JPMorgan recorded a 91% increase in its investment banking revenue and raked in $3.4 billion. Much of that revenue was reported to be driven by a 54% increase in investment banking fees.

The JP Morgan Chase building in New York City (Chris Hondros/Getty Images)

Wells Fargo recorded a 13% increase in its investment banking revenue and brought in $6.6 billion, according to the bank’s second-quarter report. Even with a lower net interest income Wells Fargo was able to offset initial losses with higher investment banking fees.

Investment banking revenues increased 37% for Citigroup and brought in $1.8 billion. Citigroup’s global consumer banking revenues were apparently boosted by an increase in third-party collection fees.

As Wall Street tycoons set new records and cash in billions of dollars amid the pandemic, Main Street workers and small business owners are barely hanging on.

The Congressional Budget Office projected in June that the coronavirus would cost nearly $8 trillion over the next decade, Forbes reported. One of the reverberating effects of this economic devastation was the spike in unemployment from a 50-year low of 3.5% in February to 11.1% in June, according to Fortune.

Hundreds of unemployed Kentucky residents wait in long lines outside the Kentucky Career Center for help with their unemployment claims on Frankfort, Kentucky (John Sommers II/Getty Images)

The Bureau of Economic Analysis also reported a 13.6% decline in consumer spending, a forecast that could see roughly $1.8 trillion of annual spending vanish in an economy that depends highly on consumer spending, according to CNN. (RELATED: US Manufacturing Shutdown Approaches WWII Demobilization Levels)

The combination of a spike in unemployment and a dip in consumer spending has been particularly devastating for small businesses, which account for 44% of economic activity. A range of industries from restaurants to light manufacturers have reported huge losses in revenue and difficulty in retaining employees, The New York Times reported.

A study from The Washington Post revealed more than 100,000 small businesses have shut down entirely. Economists projected that 2% of these businesses and 3% of restaurants will close forever because of the pandemic.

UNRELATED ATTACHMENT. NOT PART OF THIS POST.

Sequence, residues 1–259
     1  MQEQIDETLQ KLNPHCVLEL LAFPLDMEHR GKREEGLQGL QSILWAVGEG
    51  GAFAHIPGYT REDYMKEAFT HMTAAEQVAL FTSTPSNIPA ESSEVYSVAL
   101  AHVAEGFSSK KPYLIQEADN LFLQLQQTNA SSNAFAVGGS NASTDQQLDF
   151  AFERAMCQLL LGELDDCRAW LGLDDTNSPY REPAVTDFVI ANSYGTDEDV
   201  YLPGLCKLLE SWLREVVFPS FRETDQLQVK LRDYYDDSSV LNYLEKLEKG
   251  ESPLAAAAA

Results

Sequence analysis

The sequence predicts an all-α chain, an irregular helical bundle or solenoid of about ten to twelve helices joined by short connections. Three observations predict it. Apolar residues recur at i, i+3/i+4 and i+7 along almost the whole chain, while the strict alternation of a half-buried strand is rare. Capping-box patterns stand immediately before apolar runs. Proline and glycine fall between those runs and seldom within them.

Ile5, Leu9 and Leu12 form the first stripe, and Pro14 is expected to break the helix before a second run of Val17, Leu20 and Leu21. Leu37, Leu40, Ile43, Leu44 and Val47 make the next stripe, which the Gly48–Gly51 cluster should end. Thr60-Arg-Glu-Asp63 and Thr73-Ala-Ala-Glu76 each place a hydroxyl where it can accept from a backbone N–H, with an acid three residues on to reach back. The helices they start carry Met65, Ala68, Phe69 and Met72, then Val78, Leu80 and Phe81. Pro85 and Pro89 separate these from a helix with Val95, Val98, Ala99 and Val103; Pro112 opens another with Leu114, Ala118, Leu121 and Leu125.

State government-mandated lockdowns have also increased financial constraints on small businesses. Mick Larkin, the owner of a karaoke club in Texas, told The New York Times that the state’s lockdown order could kill his business. “We did everything we were supposed to do,” Larkin said. “I can’t keep doing this.”

A store stands closed near Wall Street on May 08, 2020 in New York City as the coronavirus keeps financial markets and businesses mostly closed (Spencer Platt/Getty Images)

The federal government implemented the Paycheck Protection Program (PPP) in late March in order to keep small businesses afloat and workers on the payroll. The Small Business Administration used the program to give out tens of billions of dollars in loans.

However, a study of small business owners conducted earlier this month found that 84% of respondents would run out of their PPP funding by August, according to The Hill. Only 37% said their businesses would be able to survive another wave of closures. (RELATED: POLL: 22% Of PPP Loan Recipients Will Still Have To Lay Off At Least 1 Employee)

Coronavirus forecasts do not generate much optimism, as the outbreak is expected to grow going into the fall, FiveThirtyEight reported. The persistence of lockdowns and an economic slump over the next several months could force many more businesses to go under.